How to Set Your Anchor

The first step in anchoring your boat is to find a suitable anchorage spot, especially if anchoring overnight. One of the first mistakes new boaters make when anchoring a boat is to choose an inadequate anchorage. When anchoring, there a few things that make a good anchorage:

  • Protected from the wind in all directions (or at the direction in which the wind is or will blow from)
  • Adequate depth
  • Lack of debris on the bottom that could potentially snag your anchor

We'll go through each of these points in detail below.

Ensure Your Anchorage Is Protected from the Necessary Wind Directions

Ideally, you want an anchorage that is protected from the wind in all directions. Often complete protection is not always possible and you'll be exposed to wind directions in at least one direction. Below is one of my favorite anchorages, Clam Bay. It is protected from all wind directions except the North. Thankfully, in the Gulf Islands, southerly winds are the most predominant. Simply check your weather forecast to see what direction the wind is blowing from and ensure you pick an anchorage that is protected from that direction.

anchorage with no protection from wind The anchorage above offers protection from most wind directions except from the north.

If you are simply throwing a lunch hook and anchoring for a few hours while constantly being aware of your surroundings, your choice of anchorage can be a lot more liberal than if you're anchoring at night. Finding a good overnight anchorage randomly is a tough a task and subsequently, most areas in the world have books devoted to detailing the best anchorages in that particular area, so picking up such a book is a wise investment.

Ensure Adequate Depth of Anchorage

Anchoring your boat: tides A wet anchorage at high tide can be a dry anchorage at low tide.

Make sure there's sufficient depth of water, even at low tide. 13' feet of water at high tide may mean you're in the mud at low tide. We've all likely seen someone end up grounded at some point or another, so save yourself from this embarrassing endeavor by being conscious of tides.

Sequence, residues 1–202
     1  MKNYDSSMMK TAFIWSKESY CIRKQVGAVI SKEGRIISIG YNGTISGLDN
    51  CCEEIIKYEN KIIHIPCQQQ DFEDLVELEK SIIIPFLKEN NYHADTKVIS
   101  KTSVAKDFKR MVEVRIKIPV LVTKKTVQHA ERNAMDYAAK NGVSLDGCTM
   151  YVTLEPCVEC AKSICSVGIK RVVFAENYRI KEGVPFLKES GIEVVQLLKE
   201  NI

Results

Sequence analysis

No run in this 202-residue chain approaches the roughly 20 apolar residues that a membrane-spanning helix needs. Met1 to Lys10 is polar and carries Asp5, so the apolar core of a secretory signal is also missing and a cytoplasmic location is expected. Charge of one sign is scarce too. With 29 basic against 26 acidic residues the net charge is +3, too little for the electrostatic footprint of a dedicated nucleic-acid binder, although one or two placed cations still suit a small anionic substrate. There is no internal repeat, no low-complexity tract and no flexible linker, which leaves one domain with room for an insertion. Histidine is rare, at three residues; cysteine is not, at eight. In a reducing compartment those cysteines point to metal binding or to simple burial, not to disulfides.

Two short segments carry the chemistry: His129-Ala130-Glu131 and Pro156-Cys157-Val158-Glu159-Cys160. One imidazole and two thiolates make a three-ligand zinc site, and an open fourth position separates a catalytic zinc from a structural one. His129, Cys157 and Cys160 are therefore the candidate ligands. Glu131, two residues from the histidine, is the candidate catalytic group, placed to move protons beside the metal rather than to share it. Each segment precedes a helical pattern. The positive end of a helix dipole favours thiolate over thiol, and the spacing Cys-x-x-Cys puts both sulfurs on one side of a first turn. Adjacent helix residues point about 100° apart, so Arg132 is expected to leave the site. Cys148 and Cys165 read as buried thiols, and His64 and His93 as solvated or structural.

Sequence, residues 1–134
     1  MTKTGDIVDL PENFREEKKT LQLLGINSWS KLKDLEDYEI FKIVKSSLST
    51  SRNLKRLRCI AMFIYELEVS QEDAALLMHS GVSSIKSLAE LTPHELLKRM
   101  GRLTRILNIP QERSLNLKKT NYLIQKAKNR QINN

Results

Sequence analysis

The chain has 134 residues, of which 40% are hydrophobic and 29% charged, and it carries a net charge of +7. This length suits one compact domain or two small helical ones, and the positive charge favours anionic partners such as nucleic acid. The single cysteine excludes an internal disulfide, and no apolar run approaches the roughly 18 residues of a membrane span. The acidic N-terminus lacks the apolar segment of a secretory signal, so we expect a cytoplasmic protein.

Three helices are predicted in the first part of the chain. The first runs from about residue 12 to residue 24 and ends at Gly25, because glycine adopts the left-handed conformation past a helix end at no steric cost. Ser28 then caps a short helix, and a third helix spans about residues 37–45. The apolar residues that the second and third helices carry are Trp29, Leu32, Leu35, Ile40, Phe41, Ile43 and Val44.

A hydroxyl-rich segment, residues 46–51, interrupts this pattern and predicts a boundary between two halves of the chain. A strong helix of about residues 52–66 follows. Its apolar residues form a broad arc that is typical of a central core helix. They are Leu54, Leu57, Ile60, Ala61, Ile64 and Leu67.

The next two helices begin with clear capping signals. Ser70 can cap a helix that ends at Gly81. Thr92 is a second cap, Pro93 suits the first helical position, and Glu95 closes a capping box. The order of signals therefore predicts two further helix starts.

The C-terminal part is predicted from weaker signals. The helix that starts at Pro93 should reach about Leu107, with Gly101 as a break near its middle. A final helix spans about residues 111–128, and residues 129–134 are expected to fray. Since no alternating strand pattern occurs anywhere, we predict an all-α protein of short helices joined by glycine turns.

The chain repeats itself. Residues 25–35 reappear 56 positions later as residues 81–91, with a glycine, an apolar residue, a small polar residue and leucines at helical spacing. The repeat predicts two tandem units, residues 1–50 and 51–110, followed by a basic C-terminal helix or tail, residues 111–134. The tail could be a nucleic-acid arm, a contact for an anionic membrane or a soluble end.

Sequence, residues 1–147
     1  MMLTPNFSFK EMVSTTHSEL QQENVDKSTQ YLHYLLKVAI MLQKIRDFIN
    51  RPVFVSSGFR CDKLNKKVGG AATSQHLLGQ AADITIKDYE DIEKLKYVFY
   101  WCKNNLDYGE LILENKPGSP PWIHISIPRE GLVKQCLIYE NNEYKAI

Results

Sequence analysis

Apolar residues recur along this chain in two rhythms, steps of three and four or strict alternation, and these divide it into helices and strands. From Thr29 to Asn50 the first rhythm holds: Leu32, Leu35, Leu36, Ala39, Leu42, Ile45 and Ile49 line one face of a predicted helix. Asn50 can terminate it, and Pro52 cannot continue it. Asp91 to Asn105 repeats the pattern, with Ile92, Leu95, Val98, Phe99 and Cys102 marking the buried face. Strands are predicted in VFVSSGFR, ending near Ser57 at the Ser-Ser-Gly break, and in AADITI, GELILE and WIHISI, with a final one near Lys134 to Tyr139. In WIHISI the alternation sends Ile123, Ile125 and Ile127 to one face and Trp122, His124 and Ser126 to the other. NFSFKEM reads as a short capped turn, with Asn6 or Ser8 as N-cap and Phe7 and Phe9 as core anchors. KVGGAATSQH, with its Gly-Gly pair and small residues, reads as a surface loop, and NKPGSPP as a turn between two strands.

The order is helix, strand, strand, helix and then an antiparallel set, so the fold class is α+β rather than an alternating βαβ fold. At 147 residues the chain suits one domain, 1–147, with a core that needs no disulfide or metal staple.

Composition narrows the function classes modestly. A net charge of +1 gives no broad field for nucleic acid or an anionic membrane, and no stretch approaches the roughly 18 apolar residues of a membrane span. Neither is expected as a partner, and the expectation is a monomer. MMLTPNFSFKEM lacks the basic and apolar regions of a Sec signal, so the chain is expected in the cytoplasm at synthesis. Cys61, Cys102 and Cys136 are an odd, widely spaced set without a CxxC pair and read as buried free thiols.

Remember, your boat is going to swing thanks to current and wind, so make sure you have enough swinging room in relation to the amount of rode you have out.

Avoid Areas With a Lot of Debris on the Bottom

Avoid areas where the bottom is awash with debris such as stumps, boulders, etc. These will snag your anchor and possibly mean that you have to cut your line (a good portion of our customers come to us because of this!). Admittedly, this is often hard to tellĀ above water but the shore often reveals some good clues. A beach at low tide abound with stumps rocks and other debris probably looks the same way several hundred feet out. Again, referring to a local book detailing the best anchorages can warn you of such dangers.

Also, be conscious of the type of bottom your anchoring in, such as a muddy, sandy, or rocky bottom. Your anchor might perform well in one type of bottom (i.e. a Danforth/Fluke anchor performs well in a muddy/sandy bottom but bad in a rocky bottom) while performing terribly in another bottom

Actually Anchoring Your Boat

Once you've found an anchoring spot, move slowly towards it into the direction of the wind or the current. This article assumes you're releasing your anchor from the bow of your boat (the front) and not the stern. The anchor should always be released from the bow.

When you reach your anchoring spot, place the engine into neutral and slowly release the anchor overboard. The classic image we all remember of the skipper throwing the anchor carelessly into the water is a recipe for tangled line/rode. When the anchor reaches the bottom, place the engine into reverse, slowly backup, and gradually let out your rode until you have a scope of 5:1 or more (ideally 7:1). This means that if you're anchoring in 20 feet of water, you need 100 feet of rode released.

Well set anchor An example of how a well set anchor would look.

When you feel the anchor "grab" (i.e. the boat will no longer move back) the anchor is set. When the anchor is set, "back down on the anchor" or give the engine some throttle in reverse to really dig the anchor into the ground. Be careful not to give it so much throttle as to unset it. Don't get frustrated if it takes you a few tries to set the anchor. Some anchoring bottoms are a pain to anchor in, but normally your persistence will be rewarded.

Make sure the anchor really is set. Take a couple of bearings on land and watch them to make sure the anchor is not dragging. Monitor these bearings for at least the first 30 minutes after anchoring. If you have a GPS, use the "anchor drag" utility to alert you in case your anchor does start to drag during the night. Don't use your GPS in the first 30 minutes after anchoring! GPS' have a margin of error of 30 or more feet. You could easily be drifting into another boat before your GPS alerts you.
To release the anchor, pull the rode in until the rode leads vertically into the anchor. Tug on the anchor and it should release. Now you have the fun of bringing the thing in.